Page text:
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Throwing Out My CDs by Ben Rimalower: SWEET CHARITY

Ben Rimalower revisits favorite musical theater recordings as he digitizes and declutters his collection.

Like the rest of you, I've spent this week obsessing over "Fosse Verdon" on FX and especially Gwen Verdon, played brilliantly on the series by Michelle Williams, in a performance that makes you want to reinvestigate what made Gwen so great. Sweet Charity is the perfect place to start. Gwen became a star and won her first Tony in a featured role in Can Can and she gained worldwide acclaim (and number 2 in a total of four Tonys) as Lola in Damn Yankees on stage and screen and of course there were many other shows and movies and TV appearances, but Sweet Charity was the show Bob Fosse (and Cy Coleman and Dorothy Fields and Neil Simon) created just for her. She may have lost the Tony to Angela Lansbury in Mame, but Gwen got that iconic poster and all those songs.


Yes, the Sweet Charity score is one that infiltrated our mainstream pop culture. I guess the most recognizable song is "Big Spender," memorably covered by everyone from Shirley Bassey to Beverly D'Angelo (in "European Vacation") and probably singable by just about anyone you know.


There's also "If My Friends Could See Me Now," which rode high atop the late 20th Century wave of showtunes still mattering to the world at large and then, caught a ride on a Kathie Lee Gifford Carnival Cruises commercial to just barely make it into another Millennium.


Then there are a handful of truly first-rate theater songs, "There's Gotta Be Something Better Than This," "Baby, Dream Your Dream," "The Rhythm of Life" and the soulsearching ballad "Where Am I Going" that have found extensive lives beyond the show itself, within a tunestack that does its esteemed composer and lyricist proud.


Part of what's so cool about Gwen Verdon is that, while she was unquestionably one of the old school, nearly grotesque "freaks" that made an impression across the unamplified footlights alongside Ethel Merman, Zero Mostel and Carol Channing, she is 100% palatable today. You don't have to like old movies or whatever to enjoy Gwen Verdon. There's an innate vulnerability and somehow always a delicate touch, even when she's telegraphing some over the top stage business. She's eminently imitable and people always do the same Katharine Hepburn with laryngitis croak, but actually she sounds lovely. Yes, there's a tremor in her voice, but she's quite musical and never not completely invested in her character. What you get is a direct line to the sweetest soul. In the dictionary under charisma, there should be a picture of Gwen standing still, just effortlessly twirling single finger. That's all she had to do.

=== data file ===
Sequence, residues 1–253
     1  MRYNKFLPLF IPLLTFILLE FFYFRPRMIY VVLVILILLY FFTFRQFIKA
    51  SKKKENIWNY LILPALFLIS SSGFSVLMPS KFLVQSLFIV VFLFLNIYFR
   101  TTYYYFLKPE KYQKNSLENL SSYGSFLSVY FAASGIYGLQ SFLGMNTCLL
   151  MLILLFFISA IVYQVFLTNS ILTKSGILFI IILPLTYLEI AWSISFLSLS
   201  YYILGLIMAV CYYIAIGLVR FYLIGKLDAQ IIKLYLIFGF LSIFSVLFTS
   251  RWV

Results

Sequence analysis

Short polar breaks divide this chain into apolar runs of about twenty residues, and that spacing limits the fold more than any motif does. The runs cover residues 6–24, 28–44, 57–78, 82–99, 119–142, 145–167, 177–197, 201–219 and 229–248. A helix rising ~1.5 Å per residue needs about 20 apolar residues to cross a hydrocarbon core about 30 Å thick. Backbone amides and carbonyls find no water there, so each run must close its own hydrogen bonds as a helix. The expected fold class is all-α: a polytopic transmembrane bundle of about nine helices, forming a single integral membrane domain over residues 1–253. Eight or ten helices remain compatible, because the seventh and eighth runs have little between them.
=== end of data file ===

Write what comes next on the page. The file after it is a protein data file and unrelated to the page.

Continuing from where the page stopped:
Besides the ginormous gift of Gwen, the original Broadway Sweet Charity album also benefits from Helen Gallagher and Thelma Oliver, as Charity's pals, Nickie and Helene, and John McMartin as nebbishy Oscar. Helen Gallagher also understudied and eventually replaced Verdon as Charity. There's a tradition of Nickies and Charitys cross-pollinating as National Tour Charity Chita Rivera went on to play Nicky in the movie opposite Shirley MacLaine.


And Bebe Neuwirth, (in her first Tony-winning role) as Nickie opposite 1986 revival Charity Debbie Allen, also understudied the title role. When Allen left the production, however, Bebe's future Chicago co-star Ann Reinking was brought in to replace as Charity. And many of them shared the role at once in the legendary one-night-only 1998 concert presentation, where Gwen made her final stage appearance.


An undeniable pleasure provided by all the various Sweet Charity cast albums is listening to all Nickies and Helenes sing "There's Gotta Be Something Better Than This" and "Baby, Dream Your Dream," but the same cannot be said of their respective Charitys.


I don't want to hear Juliet Prowse on the London cast album (good as she sounds) or Debbie Allen in the 1986 revival (who also sounds good, although the souped up "80s" orchestrations are inferior to the original) or Shirley MacLaine (who sounds fine on the movie soundtrack), let alone Christina Applegate (who wasn't awful onstage) in the 2005 revival.


It's funny I should feel so proprietary about Gwen Verdon in Sweet Charity, one of the least distinguished singing performances in Broadway history. She legendarily took to cutting "Where Am I Going" on nights when her vocal stamina wasn't up for it. But maybe that's just it. I live for Patti LuPone's singing in Evita. Elena Roger in the revival couldn't hold a candle. But I continue to enjoy Elena Roger's performance on its own terms, for what she brought to it. I guess with Gwen in Sweet Charity, because what she brought to it (on the cast album) can only really be appreciated at all on her own terms and is certainlynot about the singing, there's no other ostensibly superficial layer to pull away. Give me Gwen Verdon or give me death.

Watch, next week on "Verdon Fosse" (oh, sorry, is that not the title?), they'll focus on Juliet Prowse and I'll come crawling back to change my tune. Ah, but my CDs will already be in the trash.



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